April 14, 2003

Dr. Michael Spitzer
Provost and Vice President for Academic Affairs
St. Cloud State University
St. Cloud, MN 56301-4498

Dear Michael:

We are pleased to be able to offer our advice and counsel on appropriate alternative academic organizations for St. Cloud State University (SCSU). These alternatives are forwarded with the understanding that they will be discussed fully with the relevant consultative bodies at the university before a decision about which specific alternative best fits the university.

Our many thanks to members of the staff and faculty who spent so much time with us during our April 6-8, 2003 visit. We were impressed with their willingness to discuss alternative configurations with us and to engage in the dialog so necessary to effective educational decision making.

Before specific alternatives are presented, however, we wish to state some principles or general objectives that should be kept in the forefront as the conversation about reorganization proceeds.

First, the organization of academic affairs should reflect the basic themes and values of the academic and student support plan in achieving the students’ intellectual and personal development. The principal theme of a quality academic experience, optimum student process and fair and equitable campus processes are key factors here.

To support this principle, we think that co-location of many of the student support services makes good sense. If support services are limited by financial conditions, it would make sense to concentrate them on students in transition (freshmen and transfers) to ensure student success.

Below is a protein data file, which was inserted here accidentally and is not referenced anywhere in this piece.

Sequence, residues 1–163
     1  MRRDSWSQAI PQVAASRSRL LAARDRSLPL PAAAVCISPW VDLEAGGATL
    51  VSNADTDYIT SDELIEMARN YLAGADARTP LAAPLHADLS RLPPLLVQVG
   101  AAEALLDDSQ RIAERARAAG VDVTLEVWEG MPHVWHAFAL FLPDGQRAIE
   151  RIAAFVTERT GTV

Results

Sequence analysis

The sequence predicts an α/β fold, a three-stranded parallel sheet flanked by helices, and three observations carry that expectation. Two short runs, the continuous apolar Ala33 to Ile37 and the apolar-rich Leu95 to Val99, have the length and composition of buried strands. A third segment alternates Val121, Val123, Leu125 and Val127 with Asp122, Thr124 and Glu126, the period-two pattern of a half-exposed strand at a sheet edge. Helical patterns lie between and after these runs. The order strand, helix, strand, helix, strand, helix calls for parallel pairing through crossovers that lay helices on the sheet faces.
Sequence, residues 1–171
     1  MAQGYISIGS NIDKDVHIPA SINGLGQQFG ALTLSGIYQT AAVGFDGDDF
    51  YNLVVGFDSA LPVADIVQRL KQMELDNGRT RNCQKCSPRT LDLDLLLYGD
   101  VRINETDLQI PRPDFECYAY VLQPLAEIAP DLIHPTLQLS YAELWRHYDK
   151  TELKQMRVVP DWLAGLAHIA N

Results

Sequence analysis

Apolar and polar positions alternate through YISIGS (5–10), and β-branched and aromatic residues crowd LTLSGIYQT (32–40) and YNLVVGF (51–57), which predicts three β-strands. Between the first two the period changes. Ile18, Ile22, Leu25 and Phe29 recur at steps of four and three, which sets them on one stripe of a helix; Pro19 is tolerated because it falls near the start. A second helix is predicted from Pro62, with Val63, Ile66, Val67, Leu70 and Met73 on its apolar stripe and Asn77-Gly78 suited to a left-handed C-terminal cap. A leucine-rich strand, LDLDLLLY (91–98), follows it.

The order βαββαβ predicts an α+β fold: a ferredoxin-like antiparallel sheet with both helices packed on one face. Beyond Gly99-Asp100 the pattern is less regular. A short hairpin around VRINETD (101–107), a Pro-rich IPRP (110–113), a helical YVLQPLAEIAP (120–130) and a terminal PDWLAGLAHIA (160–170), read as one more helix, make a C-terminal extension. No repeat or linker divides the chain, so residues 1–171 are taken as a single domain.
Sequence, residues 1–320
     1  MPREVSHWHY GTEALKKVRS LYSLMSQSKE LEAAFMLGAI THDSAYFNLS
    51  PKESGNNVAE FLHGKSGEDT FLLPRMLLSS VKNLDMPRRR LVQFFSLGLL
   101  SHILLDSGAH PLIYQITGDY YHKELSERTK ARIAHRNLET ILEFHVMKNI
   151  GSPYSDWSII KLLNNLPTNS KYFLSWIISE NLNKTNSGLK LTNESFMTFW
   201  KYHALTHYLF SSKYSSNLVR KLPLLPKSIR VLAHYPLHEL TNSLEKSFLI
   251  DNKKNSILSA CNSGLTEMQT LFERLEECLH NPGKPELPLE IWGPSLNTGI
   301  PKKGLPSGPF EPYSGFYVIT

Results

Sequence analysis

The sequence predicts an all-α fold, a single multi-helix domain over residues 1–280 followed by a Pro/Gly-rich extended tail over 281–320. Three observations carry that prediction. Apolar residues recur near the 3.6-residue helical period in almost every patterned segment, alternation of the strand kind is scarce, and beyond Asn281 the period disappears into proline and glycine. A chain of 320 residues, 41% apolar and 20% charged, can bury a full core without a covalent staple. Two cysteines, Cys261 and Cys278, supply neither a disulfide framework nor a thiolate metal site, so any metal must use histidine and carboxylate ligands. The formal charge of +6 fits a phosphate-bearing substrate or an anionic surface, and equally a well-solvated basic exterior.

Second, the academic affairs of an institution of 15,000 are too complex to be controlled by the Provost’s office. We believe the role of the deans as the first-line of management needs to be sharpened and appropriate delegation, accountability and evaluation processes established. These processes should include setting annual goals and expectations upfront and annual evaluations and conversations about decanal performance and regular, systematic review every three to five years.

Third, the financial future of SCSU and most public universities is such that the organization must include features that encourage creation of diversified revenues and incentives for engaging in entrepreneurial behavior. Such units as summer session, continuing studies, extended programs and sponsored activities can lead the way in this quest.

Fourth, the allocation of resources should be reconfigured to reflect points 1, 2 and 3 above. SCSU is approaching the point where funds from students will exceed those provided through appropriations. Student tuition dollars should be shown as an integral part of academic budgets and should vary based on student-oriented criteria. Financial rewards for entrepreneurial behavior should be made clear and a portion of it should flow directly to the units that generate the money.

Fitting to the above principles, we are suggesting three alternative organizational options each of which will produce varying levels of outcomes.

Download Option 1
Table of Organization
PDF